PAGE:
The Iraqi Prime Minister formed a special committee to resolve the fate of the acting governors throughout Iraq, through several assessments based on the reports of the Financial Audit, the Integrity Commission, and the report of the members of the Iraqi parliament each about his province.
The second deputy speaker of the Iraqi parliament, Shakhawan Abdullah, a Kurd, said in a statement on Wednesday, February 15, after a visit to Kirkuk, "The Iraqi prime minister has formed a special committee to resolve the issue of acting governors, including the governor of Kirkuk."
Shakhawan stressed that the committee would rely on four assessments to decide the fate of the acting governors, including "the corruption file, the Integrity Commission's report and the financial oversight report," in addition to the parliament's report. "A decision will be taken regarding the governors based on those assessments," he said.
The statements of the Deputy Speaker of Parliament came in response to a question by correspondent of Wisha News Agency about whether the Kurdistan Democratic Party KDP insists, as promised, on the installation of a Kurdish governor for Kirkuk and the removal of Rakan Saeed al-Jiburi, acting governor of Kirkuk, an Arab, from his post.
The new Iraqi government, headed by Muhammad Shia’ al-Sudani, decided to decide the fate of the temporary (acting) government positions, including the governors, according to the ministerial agenda of the government that was approved by Parliament on the night of October 27, 2022. According to the ministerial plan, the positions held by proxy will be decided within six months of forming the government.
The oil rich city of Kirkuk, Iraq's second largest oil reserves, is ethnically a mixed province of 1.7 million Kurds, Sunni and Shiite Arabs, and Turkmens. It has long been at the center of disputes between the federal government in Baghdad and the autonomous Kurdistan Regional Government KRG.
The disputed territories run from Shingal in Ninewa province on the Syrian border southeast to Khanaqin and Mandali on the Iranian border.
One of the recommendations in Sudani’s agenda, which all parties participating in the government voted for, states, "The work by acting officials in the management of state institutions shall be dealt with within a period of six months from the formation of the government and sending it to the House of Representatives in three batches to vote on it, taking into account the achievement of national balance in institutions."
This comes when there are less than three months left until the end of the period specified in the agenda.
The agenda of Sudani also stipulated that "the prime minister, after assuming his duties, forms a committee to evaluate the performance of the acting governors with the aim of taking legal measures against the negligent and those involved in corruption," provided that "the committee finishes its work within three months from the date of its formation."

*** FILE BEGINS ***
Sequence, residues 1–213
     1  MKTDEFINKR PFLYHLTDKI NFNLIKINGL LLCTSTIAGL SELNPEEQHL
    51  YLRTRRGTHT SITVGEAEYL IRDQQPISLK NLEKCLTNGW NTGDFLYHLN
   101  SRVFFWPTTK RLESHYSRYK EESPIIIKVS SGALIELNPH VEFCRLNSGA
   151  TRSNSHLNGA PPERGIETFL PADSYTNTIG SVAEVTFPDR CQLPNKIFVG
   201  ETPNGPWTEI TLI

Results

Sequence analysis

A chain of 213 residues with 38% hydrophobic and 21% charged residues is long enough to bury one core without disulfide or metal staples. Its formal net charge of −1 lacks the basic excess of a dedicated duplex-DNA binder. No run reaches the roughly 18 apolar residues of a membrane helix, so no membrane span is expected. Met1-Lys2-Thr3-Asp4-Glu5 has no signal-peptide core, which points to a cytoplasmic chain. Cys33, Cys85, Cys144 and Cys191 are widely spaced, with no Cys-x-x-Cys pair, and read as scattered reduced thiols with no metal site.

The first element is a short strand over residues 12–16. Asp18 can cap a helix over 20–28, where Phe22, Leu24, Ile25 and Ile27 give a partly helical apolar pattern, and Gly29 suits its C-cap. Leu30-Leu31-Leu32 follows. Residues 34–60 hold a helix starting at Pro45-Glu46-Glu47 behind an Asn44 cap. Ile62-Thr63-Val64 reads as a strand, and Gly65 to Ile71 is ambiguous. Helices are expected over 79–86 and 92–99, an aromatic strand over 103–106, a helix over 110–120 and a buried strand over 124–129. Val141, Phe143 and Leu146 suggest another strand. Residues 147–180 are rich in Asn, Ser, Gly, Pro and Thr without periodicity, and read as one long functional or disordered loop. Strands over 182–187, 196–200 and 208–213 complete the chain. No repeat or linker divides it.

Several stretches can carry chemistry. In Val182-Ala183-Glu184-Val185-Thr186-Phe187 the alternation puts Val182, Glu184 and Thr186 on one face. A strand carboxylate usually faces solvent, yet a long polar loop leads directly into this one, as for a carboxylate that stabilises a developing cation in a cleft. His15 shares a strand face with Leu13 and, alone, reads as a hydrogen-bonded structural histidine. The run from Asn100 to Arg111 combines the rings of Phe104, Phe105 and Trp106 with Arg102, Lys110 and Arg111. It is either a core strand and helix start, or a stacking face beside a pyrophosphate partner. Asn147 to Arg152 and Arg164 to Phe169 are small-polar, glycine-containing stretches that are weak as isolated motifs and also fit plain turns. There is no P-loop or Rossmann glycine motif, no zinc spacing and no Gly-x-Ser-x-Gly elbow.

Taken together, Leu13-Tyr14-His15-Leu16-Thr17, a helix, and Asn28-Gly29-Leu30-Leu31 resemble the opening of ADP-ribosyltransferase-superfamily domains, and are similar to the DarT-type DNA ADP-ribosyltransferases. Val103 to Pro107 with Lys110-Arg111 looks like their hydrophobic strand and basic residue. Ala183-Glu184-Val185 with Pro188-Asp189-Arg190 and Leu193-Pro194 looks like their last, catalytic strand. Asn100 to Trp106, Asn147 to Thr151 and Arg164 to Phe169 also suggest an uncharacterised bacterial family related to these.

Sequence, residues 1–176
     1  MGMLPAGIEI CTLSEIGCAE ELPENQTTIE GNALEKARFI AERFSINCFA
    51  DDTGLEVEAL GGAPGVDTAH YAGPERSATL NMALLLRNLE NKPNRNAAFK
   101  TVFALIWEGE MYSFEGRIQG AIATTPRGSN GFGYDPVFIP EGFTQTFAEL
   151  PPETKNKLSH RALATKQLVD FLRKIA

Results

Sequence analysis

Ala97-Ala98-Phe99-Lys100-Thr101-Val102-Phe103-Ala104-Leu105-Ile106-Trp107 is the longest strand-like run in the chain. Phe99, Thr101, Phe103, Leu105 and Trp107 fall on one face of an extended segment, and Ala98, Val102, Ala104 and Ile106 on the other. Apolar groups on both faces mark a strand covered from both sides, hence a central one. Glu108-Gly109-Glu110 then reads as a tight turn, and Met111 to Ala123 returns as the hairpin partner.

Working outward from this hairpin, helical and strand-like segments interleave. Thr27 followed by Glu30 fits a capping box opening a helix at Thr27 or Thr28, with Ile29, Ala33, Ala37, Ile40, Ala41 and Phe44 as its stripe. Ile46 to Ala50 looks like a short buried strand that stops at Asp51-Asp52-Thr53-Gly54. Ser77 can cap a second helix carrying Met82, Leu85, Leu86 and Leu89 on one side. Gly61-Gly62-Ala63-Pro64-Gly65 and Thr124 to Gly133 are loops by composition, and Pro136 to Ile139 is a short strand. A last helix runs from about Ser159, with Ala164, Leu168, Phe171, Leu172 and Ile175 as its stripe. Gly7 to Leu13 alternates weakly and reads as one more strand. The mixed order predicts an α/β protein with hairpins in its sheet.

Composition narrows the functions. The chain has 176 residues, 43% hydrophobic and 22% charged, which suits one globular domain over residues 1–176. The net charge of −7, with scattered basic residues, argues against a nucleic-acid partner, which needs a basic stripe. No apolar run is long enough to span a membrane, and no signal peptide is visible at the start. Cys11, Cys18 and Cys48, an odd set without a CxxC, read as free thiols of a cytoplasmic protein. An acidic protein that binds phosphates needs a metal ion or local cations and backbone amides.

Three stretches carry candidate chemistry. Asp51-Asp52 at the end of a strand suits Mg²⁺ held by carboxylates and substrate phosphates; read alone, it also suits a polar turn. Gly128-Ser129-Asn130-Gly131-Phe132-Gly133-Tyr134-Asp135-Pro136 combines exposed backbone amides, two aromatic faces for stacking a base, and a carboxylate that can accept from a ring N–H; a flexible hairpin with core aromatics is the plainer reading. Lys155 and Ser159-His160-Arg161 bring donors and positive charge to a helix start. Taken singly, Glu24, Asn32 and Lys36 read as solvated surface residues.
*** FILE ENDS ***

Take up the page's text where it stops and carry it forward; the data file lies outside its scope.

The Sovereignty Alliance, the largest Sunni Arab parliamentary coalition, decided to keep the acting governor of Kirkuk in his position and not take the constitutional oath in the Iraqi parliament, a step considered, according to more than one source, "part of the tripartite alliance agreement between Al-Sadr, Al-Halbousi and Barzani."
After the approval of final results of October 21 General Elections by the Federal Court, these three political parties announced an alliance to form a national majority government, and on January 9, the positions of the presidency of the Iraqi parliament were shared among them.
The Kurdistan Democratic Party and the Patriotic Union of Kurdistan PUK, the two key Kurdish political parties, pledged during the election campaigns back in October 2021 General Elections to remove the acting governor of Kirkuk from office, and they believe that he assumed the position illegally.
Al-Jiburi assumed the position of acting governor of Kirkuk by a decision of the Iraqi Prime Minister Haider al-Abadi in late 2017, succeeding the former governor of Kirkuk, Najimadin Karim, a Kurd, who was dismissed from his post by a decision of the Iraqi parliament, following September 2017 referendum for independence by the Kurds in the semi-autonomous Iraqi Kurdistan Region IKR and the disputed territories.
The Patriotic Union of Kurdistan PUK, which had an upper hand in Kirkuk till 2017 when Iraqi military forces imposed Law Enforcement operation to oust the Kurdish Peshemrga from Kirkuk and the disputed territories, endeavors to regain this position of governor it was holding since 2005.
The Kurds own six of the 12 parliamentary seats of Kirkuk, the Arabs have four, and the Turkmen have two seats, besides a quota seat for the Christian component. The PUK is the only party that earned three seats out of a total of 12 parliamentary seats for Kirkuk, the rest of the seats are distributed to other parties of different nationalities.